Hammel went 0-2 with a 9.90 ERA in starts against the Texas Rangers on July 25 and the Houston Astros on July 30. The right-hander allowed 12 runs (11 earned), 14 hits and five walks in 10 innings. He never lasted beyond 5 2/3 innings in either start, and finished July with a 1-4 record and a 7.83 ERA in five appearances. Overall, he’s 8-9 with a 3.87 ERA and 116 strikeouts this season.

NL –€“ Tim Lincecum, San Francisco Giants

Lincecum went 0-1 with a 12.91 ERA in starts against the Los Angeles Dodgers on July 25 and Pittsburgh Pirates on July 30. The right-hander allowed 11 runs and 14 hits in 7 2/3 innings. He was pulled before the sixth inning in both appearances, and the nine hits allowed against the Dodgers tie for the most he has surrendered this season (also against the Cleveland Indians on April 26). Overall, he’s 9-7 with a 4.21 ERA and 116 strikeouts this season.  

COLD HITTERS

AL –€“ Nelson Cruz, Baltimore Orioles

Cruz hit an awful .048 (1 for 21) with three strikeouts in six games from July 25-31. He went without a hit in five consecutive contests from July 26-31, which made him close July with a .211 batting average for the month with four home runs and nine RBI. He has hit .264 with 29 home runs and 75 RBI this season.

NL –€“ Dan Uggla, San Francisco Giants

Uggla went hitless in 11 at-bats over four games from July 25-30. He struck out six times in the span, and he finished July without a hit in 13 appearances at the plate. He has done little offensively since his debut with the Giants on July 25 in an 8-1 loss to the Los Angeles Dodgers. He has hit .149 with two home runs and 10 RBI this season.     

COLD TEAMS

AL –€“ Boston Red Sox

The Red Sox lost five of six games from July 25-30. They allowed at least four runs in four of the losses, including 14 in a rout by the Toronto Blue Jays on July 28. They were 10-15 in July — the worst record in the American League East. They lost eight of nine games from July 22-30, helping drop their AL East-worst mark to 48-60.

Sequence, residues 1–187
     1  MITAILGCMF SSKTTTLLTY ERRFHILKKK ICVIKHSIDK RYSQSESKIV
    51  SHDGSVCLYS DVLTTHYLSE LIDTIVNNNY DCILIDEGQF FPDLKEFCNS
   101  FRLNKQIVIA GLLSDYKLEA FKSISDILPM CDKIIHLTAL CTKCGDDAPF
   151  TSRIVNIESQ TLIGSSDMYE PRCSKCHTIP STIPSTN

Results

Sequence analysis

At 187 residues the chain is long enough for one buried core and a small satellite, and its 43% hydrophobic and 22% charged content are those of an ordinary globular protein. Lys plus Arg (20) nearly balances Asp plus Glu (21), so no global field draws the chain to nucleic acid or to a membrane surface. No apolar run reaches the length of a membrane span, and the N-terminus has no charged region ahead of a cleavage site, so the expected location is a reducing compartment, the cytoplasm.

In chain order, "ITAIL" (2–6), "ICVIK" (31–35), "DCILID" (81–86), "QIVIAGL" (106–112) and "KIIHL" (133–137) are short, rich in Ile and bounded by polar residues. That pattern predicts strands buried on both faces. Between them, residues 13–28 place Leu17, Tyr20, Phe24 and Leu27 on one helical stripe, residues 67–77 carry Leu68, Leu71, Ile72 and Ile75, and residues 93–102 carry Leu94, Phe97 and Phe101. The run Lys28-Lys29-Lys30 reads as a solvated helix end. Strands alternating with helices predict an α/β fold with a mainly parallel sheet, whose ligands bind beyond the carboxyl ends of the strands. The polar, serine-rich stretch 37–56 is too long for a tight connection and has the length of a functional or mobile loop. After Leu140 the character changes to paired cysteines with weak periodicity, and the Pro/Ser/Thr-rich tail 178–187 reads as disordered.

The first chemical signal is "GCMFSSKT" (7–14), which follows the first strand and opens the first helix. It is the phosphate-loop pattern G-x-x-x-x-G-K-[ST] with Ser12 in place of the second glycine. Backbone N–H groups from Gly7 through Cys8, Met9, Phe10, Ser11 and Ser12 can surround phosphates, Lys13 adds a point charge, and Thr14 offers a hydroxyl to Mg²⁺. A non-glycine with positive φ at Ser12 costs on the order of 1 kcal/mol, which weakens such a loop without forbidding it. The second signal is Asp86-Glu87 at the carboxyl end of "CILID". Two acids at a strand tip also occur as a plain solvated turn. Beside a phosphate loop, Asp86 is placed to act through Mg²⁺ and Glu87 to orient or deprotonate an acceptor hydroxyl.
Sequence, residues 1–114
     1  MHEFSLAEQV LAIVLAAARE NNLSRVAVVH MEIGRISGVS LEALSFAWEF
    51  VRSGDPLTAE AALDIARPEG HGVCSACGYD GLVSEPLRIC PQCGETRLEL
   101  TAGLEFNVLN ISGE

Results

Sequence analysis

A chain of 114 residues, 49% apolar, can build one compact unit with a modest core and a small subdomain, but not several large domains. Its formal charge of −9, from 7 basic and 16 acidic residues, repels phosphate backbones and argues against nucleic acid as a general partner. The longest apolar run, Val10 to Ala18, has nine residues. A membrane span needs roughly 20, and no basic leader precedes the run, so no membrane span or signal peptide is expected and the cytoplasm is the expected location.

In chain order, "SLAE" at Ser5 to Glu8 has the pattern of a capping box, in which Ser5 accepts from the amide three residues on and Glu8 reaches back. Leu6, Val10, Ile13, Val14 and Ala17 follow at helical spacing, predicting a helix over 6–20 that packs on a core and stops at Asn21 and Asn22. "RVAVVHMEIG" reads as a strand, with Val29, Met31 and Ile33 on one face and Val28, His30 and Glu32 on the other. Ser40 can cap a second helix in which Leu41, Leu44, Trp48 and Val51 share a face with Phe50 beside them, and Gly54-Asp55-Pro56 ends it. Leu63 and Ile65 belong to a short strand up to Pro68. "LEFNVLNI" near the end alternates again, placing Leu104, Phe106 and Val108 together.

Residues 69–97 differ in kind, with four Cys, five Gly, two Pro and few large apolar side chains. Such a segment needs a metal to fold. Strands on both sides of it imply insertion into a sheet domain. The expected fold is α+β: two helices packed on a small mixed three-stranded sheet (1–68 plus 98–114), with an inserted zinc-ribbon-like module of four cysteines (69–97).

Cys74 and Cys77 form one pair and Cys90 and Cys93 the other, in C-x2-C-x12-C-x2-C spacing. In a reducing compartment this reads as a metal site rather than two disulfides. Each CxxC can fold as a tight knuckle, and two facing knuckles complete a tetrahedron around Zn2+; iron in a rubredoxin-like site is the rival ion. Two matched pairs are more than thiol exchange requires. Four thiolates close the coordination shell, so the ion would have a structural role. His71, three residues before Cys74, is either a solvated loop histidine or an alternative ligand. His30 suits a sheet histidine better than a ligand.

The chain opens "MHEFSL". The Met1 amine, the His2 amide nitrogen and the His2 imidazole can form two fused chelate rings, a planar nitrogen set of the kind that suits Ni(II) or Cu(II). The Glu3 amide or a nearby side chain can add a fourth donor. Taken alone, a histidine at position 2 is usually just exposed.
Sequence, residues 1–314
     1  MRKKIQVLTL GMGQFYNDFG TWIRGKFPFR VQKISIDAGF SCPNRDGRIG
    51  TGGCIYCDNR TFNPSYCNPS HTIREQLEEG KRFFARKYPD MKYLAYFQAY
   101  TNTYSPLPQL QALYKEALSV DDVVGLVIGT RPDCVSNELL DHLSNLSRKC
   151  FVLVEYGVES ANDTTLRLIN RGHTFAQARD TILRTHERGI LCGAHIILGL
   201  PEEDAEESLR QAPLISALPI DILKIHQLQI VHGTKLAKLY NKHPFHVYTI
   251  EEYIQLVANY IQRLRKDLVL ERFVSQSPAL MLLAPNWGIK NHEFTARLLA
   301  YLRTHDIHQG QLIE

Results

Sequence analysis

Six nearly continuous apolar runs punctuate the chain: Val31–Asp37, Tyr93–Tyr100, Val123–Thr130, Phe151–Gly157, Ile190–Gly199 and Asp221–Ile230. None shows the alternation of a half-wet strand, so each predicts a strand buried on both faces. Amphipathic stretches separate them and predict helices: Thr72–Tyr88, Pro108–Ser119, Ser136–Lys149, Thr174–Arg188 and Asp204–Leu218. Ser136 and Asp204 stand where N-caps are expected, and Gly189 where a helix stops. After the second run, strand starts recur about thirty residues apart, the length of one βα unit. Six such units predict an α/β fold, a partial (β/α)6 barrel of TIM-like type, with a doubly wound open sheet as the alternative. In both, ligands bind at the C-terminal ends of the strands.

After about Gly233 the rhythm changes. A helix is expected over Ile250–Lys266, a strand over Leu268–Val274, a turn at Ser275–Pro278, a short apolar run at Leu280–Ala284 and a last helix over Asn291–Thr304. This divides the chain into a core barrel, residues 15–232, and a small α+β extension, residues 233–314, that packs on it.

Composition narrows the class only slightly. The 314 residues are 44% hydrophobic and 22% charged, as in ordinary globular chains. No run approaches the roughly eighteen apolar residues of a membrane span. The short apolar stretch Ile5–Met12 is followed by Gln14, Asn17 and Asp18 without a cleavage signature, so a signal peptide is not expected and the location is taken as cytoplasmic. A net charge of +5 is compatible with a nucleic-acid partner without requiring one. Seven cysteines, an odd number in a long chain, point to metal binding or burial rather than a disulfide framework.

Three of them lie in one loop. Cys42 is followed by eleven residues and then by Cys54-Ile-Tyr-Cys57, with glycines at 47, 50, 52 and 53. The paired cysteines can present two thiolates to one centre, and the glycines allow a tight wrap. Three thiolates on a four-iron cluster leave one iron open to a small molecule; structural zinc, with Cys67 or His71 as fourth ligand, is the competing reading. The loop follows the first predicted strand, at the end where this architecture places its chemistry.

NL –€“ Atlanta Braves

The Braves went 3-4 in games from July 25-31. They lost three consecutive contests from July 29-31 to the Los Angeles Dodgers — their first three-game losing streak since dropping four consecutive from July 6-9 against the Arizona Diamondbacks and New York Mets. They were 13-13 in July, placing them 2 1/2 games behind the Mets’ pace for the month’s best mark within the National League East. At 58-51, they trail the Washington Nationals by 1 1/2 games for the division lead.

TWEETS OF THE WEEK


A week of uncertainty is over. Lost in the rumors and breakneck developments of the Major League Baseball trade deadline is the personal impact these whirlwind hours can cause. Players like left-handers Jon Lester and David Price departed the only franchises they had known in the majors. With the change comes so much adjustment: new teammates, new clubhouses, new expectations. Their former franchises, meanwhile, are left to evolve without them. New chapters begin, of course. But the former lives are never forgotten.  

You can follow Andrew Astleford on Twitter @aastleford or email him at aastleford@gmail.com.